I joined Cardiff in the summer of 2006 and Whitts joined halfway through my first season. I’d spend much of that first half of the season playing behind Ledley and then when Whitts came in. I had to adapt to a new player. While Joe was better defensively, Whitts was class going forward and less good defensively. It meant that I didn’t need to do as much going forward as you could just give it to Whitts and he’d get it in the box with quality on it.

Even though he played on the wing, I really don’t think he was a left-winger. He was better in the centre, just behind the strikers. Malky played him deeper than that and I don’t think he got the best out of him. That role suited McPhail more and that was strange to me. Playing Whitts further forward would have got more out of Whitts and Macca could have played in his better position. 

My view was that you should always play your best players in their best position and then slot the rest around them. Whitts’ spell under Dave Jones was when he was at his best. He was playing off the strikers and he was just brilliant. Scoring goals for fun and just dangerous whenever he went forward. That’s where he should have been utilised more and more. 

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His third season was when he was most dangerous – 20-odd goals and player of the year awards – and I think that was down to him finding his best position. Early on in his time at Cardiff, we had a lot of boys injured for a game and Whitts was moved inside and he instantly looked better. People forget that when he signed for Cardiff, he was still a young boy. He was maturing and growing into himself and still developing his technique and things like that.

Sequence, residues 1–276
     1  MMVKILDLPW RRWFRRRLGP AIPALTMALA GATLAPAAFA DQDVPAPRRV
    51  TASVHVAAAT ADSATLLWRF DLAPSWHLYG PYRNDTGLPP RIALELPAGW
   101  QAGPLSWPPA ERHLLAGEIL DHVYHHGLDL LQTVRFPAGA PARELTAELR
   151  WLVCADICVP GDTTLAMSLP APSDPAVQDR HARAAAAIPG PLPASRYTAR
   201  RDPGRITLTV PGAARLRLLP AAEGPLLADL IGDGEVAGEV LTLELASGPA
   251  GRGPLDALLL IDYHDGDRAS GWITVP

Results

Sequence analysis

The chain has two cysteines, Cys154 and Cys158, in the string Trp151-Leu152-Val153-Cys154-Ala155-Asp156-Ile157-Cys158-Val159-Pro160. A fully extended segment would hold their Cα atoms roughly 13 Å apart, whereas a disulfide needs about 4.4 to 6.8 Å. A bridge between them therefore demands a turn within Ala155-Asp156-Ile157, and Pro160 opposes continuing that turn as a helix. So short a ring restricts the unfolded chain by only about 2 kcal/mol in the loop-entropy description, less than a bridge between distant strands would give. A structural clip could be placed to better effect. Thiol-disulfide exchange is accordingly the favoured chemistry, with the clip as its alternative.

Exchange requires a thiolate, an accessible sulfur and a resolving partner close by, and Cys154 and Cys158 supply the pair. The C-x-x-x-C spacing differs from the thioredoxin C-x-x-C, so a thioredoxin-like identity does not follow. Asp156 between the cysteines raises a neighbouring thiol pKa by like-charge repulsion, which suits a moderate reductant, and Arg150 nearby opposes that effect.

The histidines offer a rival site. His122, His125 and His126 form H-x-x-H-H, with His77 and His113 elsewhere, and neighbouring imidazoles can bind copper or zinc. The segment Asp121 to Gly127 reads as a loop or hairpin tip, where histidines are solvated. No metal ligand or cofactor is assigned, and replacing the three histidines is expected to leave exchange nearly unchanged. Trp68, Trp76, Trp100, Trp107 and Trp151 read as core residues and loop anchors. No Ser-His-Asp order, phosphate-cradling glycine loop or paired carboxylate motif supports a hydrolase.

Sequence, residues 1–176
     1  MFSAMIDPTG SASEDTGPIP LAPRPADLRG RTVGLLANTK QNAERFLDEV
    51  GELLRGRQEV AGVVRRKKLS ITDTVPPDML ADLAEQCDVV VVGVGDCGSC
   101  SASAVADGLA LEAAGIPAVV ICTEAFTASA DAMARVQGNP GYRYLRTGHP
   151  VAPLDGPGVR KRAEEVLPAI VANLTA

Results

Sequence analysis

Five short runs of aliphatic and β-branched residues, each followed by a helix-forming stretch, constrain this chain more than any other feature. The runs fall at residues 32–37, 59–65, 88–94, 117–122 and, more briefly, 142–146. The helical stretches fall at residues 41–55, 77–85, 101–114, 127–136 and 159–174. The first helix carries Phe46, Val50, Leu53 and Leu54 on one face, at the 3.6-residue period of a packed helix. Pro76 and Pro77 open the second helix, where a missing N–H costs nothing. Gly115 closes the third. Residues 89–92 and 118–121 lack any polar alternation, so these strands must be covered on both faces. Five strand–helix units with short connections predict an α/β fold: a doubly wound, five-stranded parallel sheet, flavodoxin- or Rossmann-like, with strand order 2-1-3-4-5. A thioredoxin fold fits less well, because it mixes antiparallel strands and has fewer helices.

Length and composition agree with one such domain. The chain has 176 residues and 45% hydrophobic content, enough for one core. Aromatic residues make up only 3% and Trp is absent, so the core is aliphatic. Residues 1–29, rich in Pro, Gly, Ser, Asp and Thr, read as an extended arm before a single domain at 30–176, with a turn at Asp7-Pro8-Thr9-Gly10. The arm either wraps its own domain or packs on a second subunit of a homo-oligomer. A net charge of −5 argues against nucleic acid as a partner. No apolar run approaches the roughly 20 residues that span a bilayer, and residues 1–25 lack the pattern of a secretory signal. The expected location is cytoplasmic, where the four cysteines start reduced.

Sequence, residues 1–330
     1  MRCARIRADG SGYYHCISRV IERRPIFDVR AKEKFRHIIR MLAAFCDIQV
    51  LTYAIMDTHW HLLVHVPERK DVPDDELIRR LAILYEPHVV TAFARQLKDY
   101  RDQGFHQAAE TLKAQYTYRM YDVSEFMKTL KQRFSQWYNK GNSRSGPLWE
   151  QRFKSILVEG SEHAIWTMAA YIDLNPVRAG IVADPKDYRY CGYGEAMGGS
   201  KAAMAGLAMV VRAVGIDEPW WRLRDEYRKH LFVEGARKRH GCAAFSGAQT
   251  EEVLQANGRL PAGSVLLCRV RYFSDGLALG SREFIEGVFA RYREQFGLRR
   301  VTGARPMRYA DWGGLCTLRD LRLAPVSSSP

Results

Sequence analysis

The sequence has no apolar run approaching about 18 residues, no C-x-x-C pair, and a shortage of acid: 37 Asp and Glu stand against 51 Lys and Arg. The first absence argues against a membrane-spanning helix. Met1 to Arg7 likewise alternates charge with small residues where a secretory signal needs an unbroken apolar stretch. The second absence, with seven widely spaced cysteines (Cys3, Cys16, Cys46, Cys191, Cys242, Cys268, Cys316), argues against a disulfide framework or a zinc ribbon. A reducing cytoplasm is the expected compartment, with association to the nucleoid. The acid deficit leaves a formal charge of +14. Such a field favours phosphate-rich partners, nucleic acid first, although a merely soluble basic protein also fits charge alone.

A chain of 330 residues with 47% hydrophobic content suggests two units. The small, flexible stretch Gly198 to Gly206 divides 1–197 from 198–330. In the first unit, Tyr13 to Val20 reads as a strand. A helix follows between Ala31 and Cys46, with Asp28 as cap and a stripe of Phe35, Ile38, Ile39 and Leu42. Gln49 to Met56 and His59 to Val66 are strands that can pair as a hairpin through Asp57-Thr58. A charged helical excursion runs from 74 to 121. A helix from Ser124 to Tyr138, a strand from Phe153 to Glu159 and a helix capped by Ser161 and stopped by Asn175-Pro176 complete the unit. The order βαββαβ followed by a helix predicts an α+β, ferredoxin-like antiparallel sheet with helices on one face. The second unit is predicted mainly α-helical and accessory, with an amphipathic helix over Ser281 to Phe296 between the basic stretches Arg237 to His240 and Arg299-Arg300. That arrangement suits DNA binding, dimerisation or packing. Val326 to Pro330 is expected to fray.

It was the games we did in training that showed just how good it was. People have been talking about the olders vs. younger games, but I don’t think people know just how good he actually was. I’d sneak onto the youngers team back then – despite the grey hair – and it was me, Ramsey, Ledley, Gunter, Matthews, Roger Johnson and Whitts. The olders had Hasselbaink, Sinclair, Gavin Rae, Robbie Fowler and a few others. 

We used to batter them every week, and when I say we, I mean Whitts. He’d score three goals minimum and we didn’t even need to play a striker. When it’s fairly established names getting thumped, you can guess that they didn’t take it very well. Gavin Rae, in particular, used to get quite annoyed but Whitts was just too fucking good. 

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Even when he was scoring for fun, he took it all in his stride. He was the kind of guy who let on that he didn’t like football as much as he did. It felt like he’d just found his place at Cardiff and made a home for himself. He was playing with good players, living in a city he liked and he was just settled. He was happy off the pitch and that made all the difference. 

It’s how I felt in Cardiff and I think if I didn’t have family up north, I would have stayed in Cardiff. When I left for Bolton, it was purely about playing football. It was really tough, but when you aren’t playing games, you have to make the decision to play.